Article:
If each person is equally valuable and thus deserves equal treatment, why should the fact that we have a close relationship with someone permit or even direct us to treat her preferentially? We may call this the puzzle of partiality. This paper aims to analyze previous attempts to solve the puzzle of partiality and introduce my new approach. I first examine Simon Keller’s individuals view, to show the difficulties of a view that puts each individual’s equal worth at its center (...)
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  37. Kant on Virtue: Seeking the Ideal in Human Conditions.Thomas E. Hill, Jr & Adam Cureton - 2018 - In Nancy Snow (ed.), The Oxford Handbook of Virtue. New York, USA: Oxford University Press. pp. 263-280.
    Immanuel Kant defines virtue as a kind of strength and resoluteness of will to resist and overcome any obstacles that oppose fulfilling our moral duties. Human agents, according to Kant, owe it to ourselves to strive for perfect virtue by fully committing ourselves to morality and by developing the fortitude to maintain and execute this life-governing policy despite obstacles we may face. This essay reviews basic features of Kant’s conception of virtue and then discusses the role of emotions, a motive (...)
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  38. Capitalism After Covid: How the Pandemic Might Inspire a More Virtuous Economy.Julian Friedland - 2020 - The Philosophers' Magazine 2 (89):12-15.
    Today, dramatically increasing economic inequality, imminent climatological calamity, and a global pandemic now place the timeless debate over capitalism into stark relief. Though many seek to pin the blame on capitalism’s excesses, they would do well to recall the historical record of socialism’s deficiencies, namely, stifling innovation, lumbering inefficiency, and stagnation. Fortunately, our moral psychology affords a middle way between these two extremes. For while economic incentives have a tendency to let our civic and prosocial impulses atrophy from disuse, these (...)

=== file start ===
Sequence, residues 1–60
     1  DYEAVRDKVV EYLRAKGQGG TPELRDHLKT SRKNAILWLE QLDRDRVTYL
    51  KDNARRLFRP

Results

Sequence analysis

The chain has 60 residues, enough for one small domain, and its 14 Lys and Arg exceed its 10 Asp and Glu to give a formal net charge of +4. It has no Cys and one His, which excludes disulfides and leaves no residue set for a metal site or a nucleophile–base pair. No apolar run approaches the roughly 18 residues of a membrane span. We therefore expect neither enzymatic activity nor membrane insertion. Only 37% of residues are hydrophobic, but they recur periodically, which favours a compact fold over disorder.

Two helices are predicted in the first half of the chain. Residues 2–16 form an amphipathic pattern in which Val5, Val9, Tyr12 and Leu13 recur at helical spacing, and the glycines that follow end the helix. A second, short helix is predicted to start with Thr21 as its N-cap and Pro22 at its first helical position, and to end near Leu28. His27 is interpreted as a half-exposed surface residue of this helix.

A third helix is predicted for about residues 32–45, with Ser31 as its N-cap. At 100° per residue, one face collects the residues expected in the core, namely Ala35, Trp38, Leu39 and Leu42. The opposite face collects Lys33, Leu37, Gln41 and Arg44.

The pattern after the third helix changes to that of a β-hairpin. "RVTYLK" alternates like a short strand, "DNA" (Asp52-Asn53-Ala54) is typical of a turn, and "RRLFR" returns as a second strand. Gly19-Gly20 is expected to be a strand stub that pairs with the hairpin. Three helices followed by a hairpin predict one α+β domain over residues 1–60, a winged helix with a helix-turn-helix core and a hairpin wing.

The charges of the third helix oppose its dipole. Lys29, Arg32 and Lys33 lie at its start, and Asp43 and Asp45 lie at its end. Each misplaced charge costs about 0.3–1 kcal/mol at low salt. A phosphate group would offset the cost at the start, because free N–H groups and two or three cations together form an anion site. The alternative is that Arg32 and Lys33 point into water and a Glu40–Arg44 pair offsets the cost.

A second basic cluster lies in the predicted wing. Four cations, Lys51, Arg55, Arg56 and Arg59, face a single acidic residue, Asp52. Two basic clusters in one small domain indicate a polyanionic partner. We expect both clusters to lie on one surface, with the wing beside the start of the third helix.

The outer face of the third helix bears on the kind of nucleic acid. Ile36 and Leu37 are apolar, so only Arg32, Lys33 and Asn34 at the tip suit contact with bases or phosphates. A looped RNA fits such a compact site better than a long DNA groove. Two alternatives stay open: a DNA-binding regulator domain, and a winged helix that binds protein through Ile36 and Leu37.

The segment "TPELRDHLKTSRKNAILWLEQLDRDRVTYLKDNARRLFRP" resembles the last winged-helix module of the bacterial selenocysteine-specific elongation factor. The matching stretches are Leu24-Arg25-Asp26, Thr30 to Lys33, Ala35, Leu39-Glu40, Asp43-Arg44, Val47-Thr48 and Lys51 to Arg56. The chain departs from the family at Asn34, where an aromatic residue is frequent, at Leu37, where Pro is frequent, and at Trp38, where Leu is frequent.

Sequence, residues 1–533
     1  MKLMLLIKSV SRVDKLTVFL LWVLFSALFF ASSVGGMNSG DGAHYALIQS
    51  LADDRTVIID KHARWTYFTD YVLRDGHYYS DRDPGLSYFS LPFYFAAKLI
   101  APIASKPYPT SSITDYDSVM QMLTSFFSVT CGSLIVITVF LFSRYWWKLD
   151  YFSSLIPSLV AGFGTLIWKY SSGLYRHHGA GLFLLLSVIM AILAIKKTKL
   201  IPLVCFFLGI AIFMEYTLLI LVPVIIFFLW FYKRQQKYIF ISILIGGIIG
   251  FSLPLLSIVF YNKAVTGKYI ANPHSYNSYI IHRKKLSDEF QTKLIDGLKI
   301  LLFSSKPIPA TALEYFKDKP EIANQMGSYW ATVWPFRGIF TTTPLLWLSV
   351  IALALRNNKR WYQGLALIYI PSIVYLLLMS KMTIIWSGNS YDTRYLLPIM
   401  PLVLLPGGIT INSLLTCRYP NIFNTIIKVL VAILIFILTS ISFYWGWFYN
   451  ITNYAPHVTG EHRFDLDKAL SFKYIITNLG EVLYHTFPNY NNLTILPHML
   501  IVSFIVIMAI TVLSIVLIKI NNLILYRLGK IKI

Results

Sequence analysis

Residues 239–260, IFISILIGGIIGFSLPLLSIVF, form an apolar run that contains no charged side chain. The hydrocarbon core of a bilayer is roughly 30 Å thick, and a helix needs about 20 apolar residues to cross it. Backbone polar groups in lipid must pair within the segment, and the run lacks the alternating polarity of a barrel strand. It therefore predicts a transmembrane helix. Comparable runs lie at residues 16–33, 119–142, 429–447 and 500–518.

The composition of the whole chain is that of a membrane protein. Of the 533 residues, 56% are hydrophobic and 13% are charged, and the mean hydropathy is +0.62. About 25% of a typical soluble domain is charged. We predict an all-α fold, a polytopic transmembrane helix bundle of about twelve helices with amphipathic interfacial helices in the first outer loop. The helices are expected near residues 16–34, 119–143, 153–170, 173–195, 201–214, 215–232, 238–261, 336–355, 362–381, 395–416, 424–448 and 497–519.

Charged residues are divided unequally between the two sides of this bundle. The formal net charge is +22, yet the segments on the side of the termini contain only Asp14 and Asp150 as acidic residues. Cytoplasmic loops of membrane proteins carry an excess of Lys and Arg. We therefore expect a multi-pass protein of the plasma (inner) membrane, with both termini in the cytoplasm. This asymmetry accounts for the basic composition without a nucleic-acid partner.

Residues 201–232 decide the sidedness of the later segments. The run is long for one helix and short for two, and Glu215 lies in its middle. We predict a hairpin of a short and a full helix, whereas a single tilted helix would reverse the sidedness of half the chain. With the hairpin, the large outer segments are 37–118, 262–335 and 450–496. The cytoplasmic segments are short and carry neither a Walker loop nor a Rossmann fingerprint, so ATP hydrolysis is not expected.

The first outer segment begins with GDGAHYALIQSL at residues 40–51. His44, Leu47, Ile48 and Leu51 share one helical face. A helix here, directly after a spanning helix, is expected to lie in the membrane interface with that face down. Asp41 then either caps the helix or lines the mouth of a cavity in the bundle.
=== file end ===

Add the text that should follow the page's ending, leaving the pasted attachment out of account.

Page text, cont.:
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  39. African Ethicists.Thaddeus Metz - forthcoming - In Tom Angier (ed.), Ethics: The Key Thinkers, 2nd Edition. Bloomsbury.
    Unlike the Chinese, Indian, and Western ethical traditions, the African one had not been text-based until as recently as the 1960s. Since a very large majority of indigenous sub-Saharan societies had oral cultures, there are no classic texts in the field of African ethics and hence also no Big Names; there's nothing comparable to, say, Aristotle’s Nicomachean Ethics or Confucius’ Analects. However, some names and texts have been more influential than others in shaping ethical reflection, particularly over the past 30 (...)
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  40. Orthodoxy, Philosophy, and Ethics.Rico Vitz - 2019 - In Christoph Schneider (ed.), Theology and Philosophy in Eastern Orthodoxy: Essays on Orthodox Christianity and Contemporary Thought. Eugene, OR, USA: